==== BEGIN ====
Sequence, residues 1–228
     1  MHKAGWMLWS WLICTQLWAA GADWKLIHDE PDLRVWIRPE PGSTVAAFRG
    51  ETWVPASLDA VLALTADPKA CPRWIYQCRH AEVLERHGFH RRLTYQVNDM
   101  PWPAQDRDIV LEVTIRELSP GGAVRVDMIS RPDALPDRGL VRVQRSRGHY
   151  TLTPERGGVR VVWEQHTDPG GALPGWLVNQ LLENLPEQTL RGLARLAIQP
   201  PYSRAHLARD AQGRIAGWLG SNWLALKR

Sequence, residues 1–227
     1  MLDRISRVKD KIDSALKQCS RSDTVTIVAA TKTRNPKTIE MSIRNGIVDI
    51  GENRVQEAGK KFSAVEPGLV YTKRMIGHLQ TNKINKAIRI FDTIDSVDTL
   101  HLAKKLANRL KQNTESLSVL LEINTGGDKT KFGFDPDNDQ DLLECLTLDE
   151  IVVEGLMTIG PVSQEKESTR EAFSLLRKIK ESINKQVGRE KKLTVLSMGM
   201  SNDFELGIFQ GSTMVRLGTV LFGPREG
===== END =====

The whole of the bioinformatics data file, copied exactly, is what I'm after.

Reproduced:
Sequence, residues 1–228
     1  MHKAGWMLWS WLICTQLWAA GADWKLIHDE PDLRVWIRPE PGSTVAAFRG
    51  ETWVPASLDA VLALTADPKA CPRWIYQCRH AEVLERHGFH RRLTYQVNDM
   101  PWPAQDRDIV LEVTIRELSP GGAVRVDMIS RPDALPDRGL VRVQRSRGHY
   151  TLTPERGGVR VVWEQHTDPG GALPGWLVNQ LLENLPEQTL RGLARLAIQP
   201  PYSRAHLARD AQGRIAGWLG SNWLALKR

Sequence, residues 1–227
     1  MLDRISRVKD KIDSALKQCS RSDTVTIVAA TKTRNPKTIE MSIRNGIVDI
    51  GENRVQEAGK KFSAVEPGLV YTKRMIGHLQ TNKINKAIRI FDTIDSVDTL
   101  HLAKKLANRL KQNTESLSVL LEINTGGDKT KFGFDPDNDQ DLLECLTLDE
   151  IVVEGLMTIG PVSQEKESTR EAFSLLRKIK ESINKQVGRE KKLTVLSMGM
   201  SNDFELGIFQ GSTMVRLGTV LFGPREG